width: 400px;
    }
    article[data-columns='4']{
      width: 600px;
    }

    You can see all this working together in this JSBin example.

    Data attributes can also be stored to contain information that is constantly changing, like scores in a game. Using the CSS selectors and JavaScript access here this allows you to build some nifty effects without having to write your own display routines. See the following screencast for an example using generated content and CSS transitions:

    The code example shown in the screencast is also on JSBin.

    Issues with data-attributes

    Sadly enough it seems there is nothing that is so simple and useful that doesn’t come with a price. In this case the main issues to consider are that Internet Explorer does not support the dataset but you’d need to read them out with getAttribute() instead. The other issue is that the performance of reading data-attributes compared to storing this data in a JS data warehouse is bad. Using dataset is even slower than reading the data out with getAttribute().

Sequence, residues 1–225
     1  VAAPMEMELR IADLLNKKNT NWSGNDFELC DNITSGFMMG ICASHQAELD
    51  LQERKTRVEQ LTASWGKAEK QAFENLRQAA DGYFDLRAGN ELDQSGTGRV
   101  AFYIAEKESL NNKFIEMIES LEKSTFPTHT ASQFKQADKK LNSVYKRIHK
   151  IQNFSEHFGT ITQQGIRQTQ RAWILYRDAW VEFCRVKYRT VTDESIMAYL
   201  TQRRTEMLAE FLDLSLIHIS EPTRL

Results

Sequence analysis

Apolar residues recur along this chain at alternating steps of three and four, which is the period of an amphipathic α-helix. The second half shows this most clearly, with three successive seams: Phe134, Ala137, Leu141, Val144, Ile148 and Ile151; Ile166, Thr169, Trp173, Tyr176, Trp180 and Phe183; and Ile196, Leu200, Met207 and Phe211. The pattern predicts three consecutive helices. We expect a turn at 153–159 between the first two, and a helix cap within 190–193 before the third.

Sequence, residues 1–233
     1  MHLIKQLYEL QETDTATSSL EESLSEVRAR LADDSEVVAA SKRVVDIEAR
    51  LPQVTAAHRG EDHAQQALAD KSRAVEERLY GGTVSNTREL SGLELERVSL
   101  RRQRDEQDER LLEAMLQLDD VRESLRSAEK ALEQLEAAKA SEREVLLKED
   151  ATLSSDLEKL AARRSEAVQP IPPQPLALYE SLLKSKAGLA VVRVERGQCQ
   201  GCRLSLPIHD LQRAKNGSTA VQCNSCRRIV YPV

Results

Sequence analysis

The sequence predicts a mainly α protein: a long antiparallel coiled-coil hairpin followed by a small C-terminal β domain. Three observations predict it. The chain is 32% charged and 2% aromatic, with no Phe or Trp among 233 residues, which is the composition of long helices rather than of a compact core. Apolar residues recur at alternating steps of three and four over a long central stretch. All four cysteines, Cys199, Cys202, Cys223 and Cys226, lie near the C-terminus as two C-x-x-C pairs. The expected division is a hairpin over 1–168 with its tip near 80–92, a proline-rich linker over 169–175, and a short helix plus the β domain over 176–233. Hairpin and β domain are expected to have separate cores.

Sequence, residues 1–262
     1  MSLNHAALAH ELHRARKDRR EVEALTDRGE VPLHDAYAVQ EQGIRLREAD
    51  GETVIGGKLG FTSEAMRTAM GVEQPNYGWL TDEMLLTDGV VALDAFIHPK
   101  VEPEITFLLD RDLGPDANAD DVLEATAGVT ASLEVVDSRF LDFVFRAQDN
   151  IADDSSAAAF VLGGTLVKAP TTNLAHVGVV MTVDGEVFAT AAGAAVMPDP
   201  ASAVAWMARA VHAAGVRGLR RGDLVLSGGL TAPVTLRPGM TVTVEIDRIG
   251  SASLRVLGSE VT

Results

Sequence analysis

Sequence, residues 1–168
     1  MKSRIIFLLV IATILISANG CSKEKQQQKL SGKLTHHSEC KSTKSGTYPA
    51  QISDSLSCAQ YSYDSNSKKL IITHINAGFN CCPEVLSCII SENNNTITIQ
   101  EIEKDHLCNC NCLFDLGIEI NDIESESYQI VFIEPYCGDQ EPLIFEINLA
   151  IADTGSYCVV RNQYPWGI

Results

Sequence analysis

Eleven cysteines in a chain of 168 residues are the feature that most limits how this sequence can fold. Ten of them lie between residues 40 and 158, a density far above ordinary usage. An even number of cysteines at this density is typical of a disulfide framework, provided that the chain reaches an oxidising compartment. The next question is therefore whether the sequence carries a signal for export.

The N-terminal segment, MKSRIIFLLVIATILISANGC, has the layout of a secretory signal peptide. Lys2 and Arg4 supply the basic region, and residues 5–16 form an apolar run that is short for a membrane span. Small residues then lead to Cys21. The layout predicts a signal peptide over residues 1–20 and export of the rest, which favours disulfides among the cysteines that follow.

That said, though, for content that is not to be shown they are a great solution and maybe we can get them into the next IE soon.

  3. Weekly HTML5 Apps Developer Resources, October 10th 2012

    Weekly Resources for HTML5 Apps Developers

    Articles

    Resources

    Bonus Link

    If you find a link that you think should be included, please feel free to forward it to JStagner at Mozilla.com

  4. Weekly HTML5 Apps Developer Resources, October 3rd 2012

    Weekly Resources for HTML5 Apps Developers

    This week – a DOUBLE edition !

    Articles

    Resources

    Bonus Links

    If you find a link that you think should be included, please feel free to forward it to JStagner at Mozilla.com

  5. HTML5 in Sao Paulo, Brazil – the bootleg recordings

    It is always nice to have the opportunity to get to travel and meet developers in various communities in the world: to understand their context, challenges and interests!

    In April I was in South America, and part of that included giving two talks at a MDN Hack Day (well, evening) in Sao Paulo in Brazil. They were filmed with a handcam from front row by Laura Loenert, but I do believe that the videos with sound, combined with the slides, can prove to be useful for sharing – see them as the bootleg version. :-)